An early shower had refreshed the woods and fields, that glowed with a glorious green; and to our salted lungs, the land breeze was spiced with aromas. The steerage passengers almost neighed with delight, like horses brought back to spring pastures; and every eye and ear in the Highlander was full of the glad sights and sounds of the shore.
No more did we think of the gale and the plague; nor turn our eyes upward to the stains of blood, still visible on the topsail, whence Jackson had fallen; but we fixed our gaze on the orchards and meads, and like thirsty men, drank in all their dew.
On the Staten Island side, a white staff displayed a pale yellow flag, denoting the habitation of the quarantine officer; for as if to symbolize the yellow fever itself, and strike a panic and premonition of the black vomit into every beholder, all quarantines all over the world, taint the air with the streamings of their f ever-flag.
But though the long rows of white-washed hospitals on the hill side were now in plain sight, and though scores of ships were here lying at anchor, yet no boat came off to us; and to our surprise and delight, on we sailed, past a spot which every one had dreaded. How it was that they thus let us pass without boarding us, we never could learn.
Now rose the city from out the bay, and one by one, her spires pierced the blue; while thick and more thick, ships, brigs, schooners, and sail boats, thronged around. We saw the Hartz Forest of masts and black rigging stretching along the East River; and northward, up the stately old Hudson, covered with white sloop-sails like fleets of swans, we caught a far glimpse of the purple Palisades.
Oh! he who has never been afar, let him once go from home, to know what home is. For as you draw nigh again to your old native river, he seems to pour through you with all his tides, and in your enthusiasm, you swear to build altars like mile-stones, along both his sacred banks.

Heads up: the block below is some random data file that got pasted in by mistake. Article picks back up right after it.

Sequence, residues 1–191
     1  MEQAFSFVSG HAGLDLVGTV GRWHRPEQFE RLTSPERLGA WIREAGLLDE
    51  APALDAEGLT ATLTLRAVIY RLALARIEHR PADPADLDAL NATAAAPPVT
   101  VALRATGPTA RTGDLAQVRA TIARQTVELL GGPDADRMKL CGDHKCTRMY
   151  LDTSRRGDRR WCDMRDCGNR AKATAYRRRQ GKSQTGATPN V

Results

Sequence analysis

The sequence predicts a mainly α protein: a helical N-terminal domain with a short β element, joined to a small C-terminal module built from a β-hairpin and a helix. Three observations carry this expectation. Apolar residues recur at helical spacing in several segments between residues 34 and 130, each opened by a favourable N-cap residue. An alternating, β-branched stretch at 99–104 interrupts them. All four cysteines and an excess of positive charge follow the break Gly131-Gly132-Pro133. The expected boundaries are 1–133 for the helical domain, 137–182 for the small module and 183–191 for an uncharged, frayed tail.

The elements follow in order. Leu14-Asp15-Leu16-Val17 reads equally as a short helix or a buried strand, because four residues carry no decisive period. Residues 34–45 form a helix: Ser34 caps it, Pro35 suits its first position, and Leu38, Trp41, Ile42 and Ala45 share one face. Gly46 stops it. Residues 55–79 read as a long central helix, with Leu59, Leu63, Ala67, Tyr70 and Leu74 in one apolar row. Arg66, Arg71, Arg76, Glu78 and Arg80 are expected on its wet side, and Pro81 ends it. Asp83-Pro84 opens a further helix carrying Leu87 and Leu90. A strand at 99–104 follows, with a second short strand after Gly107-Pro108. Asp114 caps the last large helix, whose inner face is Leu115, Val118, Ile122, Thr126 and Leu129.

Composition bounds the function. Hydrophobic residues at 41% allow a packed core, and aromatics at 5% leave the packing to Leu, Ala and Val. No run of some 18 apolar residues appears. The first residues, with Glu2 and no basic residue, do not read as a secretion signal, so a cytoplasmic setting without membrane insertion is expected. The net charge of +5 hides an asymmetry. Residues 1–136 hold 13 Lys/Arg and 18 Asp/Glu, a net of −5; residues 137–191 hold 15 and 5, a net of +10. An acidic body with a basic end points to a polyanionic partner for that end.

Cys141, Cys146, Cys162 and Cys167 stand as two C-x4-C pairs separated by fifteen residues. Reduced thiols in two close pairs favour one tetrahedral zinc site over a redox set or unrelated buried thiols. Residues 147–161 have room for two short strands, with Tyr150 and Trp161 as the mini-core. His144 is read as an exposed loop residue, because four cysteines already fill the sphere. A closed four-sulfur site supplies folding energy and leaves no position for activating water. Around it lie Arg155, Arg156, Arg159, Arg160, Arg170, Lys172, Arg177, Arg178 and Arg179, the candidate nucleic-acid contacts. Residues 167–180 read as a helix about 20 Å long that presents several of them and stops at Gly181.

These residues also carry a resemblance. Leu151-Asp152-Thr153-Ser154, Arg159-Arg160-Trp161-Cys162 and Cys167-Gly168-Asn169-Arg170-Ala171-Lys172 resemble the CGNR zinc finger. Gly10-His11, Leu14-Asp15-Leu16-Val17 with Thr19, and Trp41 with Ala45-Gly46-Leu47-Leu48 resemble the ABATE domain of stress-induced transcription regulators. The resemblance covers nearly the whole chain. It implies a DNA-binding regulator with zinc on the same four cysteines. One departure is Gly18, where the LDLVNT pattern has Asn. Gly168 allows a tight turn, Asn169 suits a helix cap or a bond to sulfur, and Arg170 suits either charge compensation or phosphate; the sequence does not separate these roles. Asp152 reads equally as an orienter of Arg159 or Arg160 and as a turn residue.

Like the Czar of all the Russias, and Siberia to boot, Captain Riga, telescope in hand, stood on the poop, pointing out to the passengers, Governor's Island, Castle Garden, and the Battery.
"And that" said he, pointing out a vast black hull which, like a shark, showed tiers of teeth, "that, ladies, is a line-of-battle-ship, the North Carolina."
"Oh, dear!"—and "Oh my!"—ejaculated the ladies, and—"Lord, save us," responded an old gentleman, who was a member of the Peace Society.
Hurra! hurra! and ten thousand times hurra! down goes our old anchor, fathoms down into the free and independent Yankee mud, one handful of which was now worth a broad manor in England.
The Whitehall boats were around us, and soon, our cabin passengers were all off, gay as crickets, and bound for a late dinner at the Astor House; where, no doubt, they fired off a salute of champagne corks in honor of their own arrival. Only a very few of the steerage passengers, however, could afford to pay the high price the watermen demanded for carrying them ashore; so most of them remained with us till morning. But nothing could restrain our Italian boy, Carlo, who, promising the watermen to pay them with his music, was triumphantly rowed ashore, seated in the stern of the boat, his organ before him, and something like "Hail Columbia!" his tune. We gave him three rapturous cheers, and we never saw Carlo again.
Harry and I passed the greater part of the night walking the deck, and gazing at the thousand lights of the city.
At sunrise, we warped into a berth at the foot of Wall-street, and knotted our old ship, stem and stern, to the pier. But that knotting of her, was the unknotting of the bonds of the sailors, among whom, it is a maxim, that the ship once fast to the wharf, they are free. So with a rush and a shout, they bounded ashore, followed by the tumultuous crowd of emigrants, whose friends, day-laborers and housemaids, stood ready to embrace them.
But in silent gratitude at the end of a voyage, almost equally uncongenial to both of us, and so bitter to one, Harry and I sat on a chest in the forecastle. And now, the ship that we had loathed, grew lovely in our eyes, which lingered over every familiar old timber; for the scene of suffering is a scene of joy when the suffering is past; and the silent reminiscence of hardships departed, is sweeter than the presence of delight.
Redburn Chapter 60